On Sunday, I succumbed completely to reggae fever. My husband and I celebrated our sixth wedding anniversary at Best of the Best, the biggest dancehall reggae festival in America. And as you can see, I went decked out in Rasta colored resplendence.

I’m rockin’ those Reggaelicious hoop earrings, and some big faux designer sunglasses, because I sweated off all my eyeshadow. Oh, and don’t ask me what that pose is — I’ve got my rum and coke in hand and was having a whole lotta fun, so I have no explanation.

Like my shirt? It’s made by G*ology, a fresh teeshirt line out of England designed by Gabrielle Smith. These are men’s tees, so I modified mine using tips from Generation T: 108 Ways to Modify a T-Shirt, a pretty handy book written by Megan Nicolay. G*ology has other afrobella friendly shirts — do you not love the sassy “My Afro Is Too Big For This Tiara” tee? I do. Go ‘head, Gabi!

If you want a lengthy review of the concert, here’s a brilliant and detailed one by Esther Park. I agree with quite a bit of what she said — and as an oft-conflicted fan of dancehall music, I’d like to say that I was really happy that none of the artists used the stage to incite any messages of violence or hate. I’ve seen it happen at past concerts, and it’s made me actually leave a show before. But this year’s Best of the Best had positive vibes. The atmosphere was truly celebratory and lovely. Several of the artists sang about Barack Obama, and the pride his candidacy makes them feel. One of my new favorite artists, Tarrus Riley, did an improvised song about America having its first black president, and it warmed my heart to see so many island people waving their flags and applauding the prospect.

I will say, I’ve seen several of the performers before, and I’ve seen them put on better shows — Buju in particular left me a little disappointed. But I’m just biased, because I was hoping for a more mellow Til Shiloh type of set, and Buju was in a dancehall frame of mind. He opened with Me and Oonu, so if you’re a fan you know the kind of speed his set started off with. He slowed down eventually and did a range of his classic material — from How The World a Run to Driver A (which I adore). Machel Montano made flags fly, and Sizzla Kolanji did a tremendous set, delivering 15 minutes of pure fire. Yes — 15 minutes was all the time he had, because of time constraints and scheduling issues. As much as I agreed with Esther’s review, to me the absolute highlight of the whole show was Barrington Levy. Longtime readers might remember, I’m a big, big fan. I already knew I was in for an experience, and I got what I came for. He holds the audience in the palm of his hand. His voice rings out strong and true, and he’s all about interactivity. He hardly sang a word of Too Experienced — we all sang lustily, word for word. It was a beautiful, blessed moment, with the sun setting in the background. We loved it.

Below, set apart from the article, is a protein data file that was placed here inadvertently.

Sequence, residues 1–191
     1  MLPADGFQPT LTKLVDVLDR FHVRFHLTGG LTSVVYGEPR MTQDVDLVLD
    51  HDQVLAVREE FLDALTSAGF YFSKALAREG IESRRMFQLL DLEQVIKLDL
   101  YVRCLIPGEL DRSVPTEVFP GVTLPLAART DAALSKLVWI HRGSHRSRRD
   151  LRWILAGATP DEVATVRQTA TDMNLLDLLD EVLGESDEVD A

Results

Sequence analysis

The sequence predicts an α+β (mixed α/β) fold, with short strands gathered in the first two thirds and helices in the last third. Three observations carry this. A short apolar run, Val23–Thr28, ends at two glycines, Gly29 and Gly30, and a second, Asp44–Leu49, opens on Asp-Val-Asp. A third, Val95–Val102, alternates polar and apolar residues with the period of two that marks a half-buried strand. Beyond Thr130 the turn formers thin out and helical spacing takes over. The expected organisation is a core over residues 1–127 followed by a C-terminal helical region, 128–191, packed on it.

Barrington delivered a barrage of hits, and he granted my husband’s wish — all he wanted was to hear that skiddly-waddily-iddily-diddily-diddily-whoa-oh-oh live and in person. And he got his wish and then some. I wish there was good live footage from the show, but in lieu of that, there’s this. Live Barrington from the Bongidae festival in 2005. This is Murderer.

I hope Barrington comes back for next year’s show!

All in all, it was a great experience, filled with island pride, good food, gorgeous weather, and wicked live music. If you’re a fan of reggae music, definitely make the trek to Miami next year — this show is worth it.

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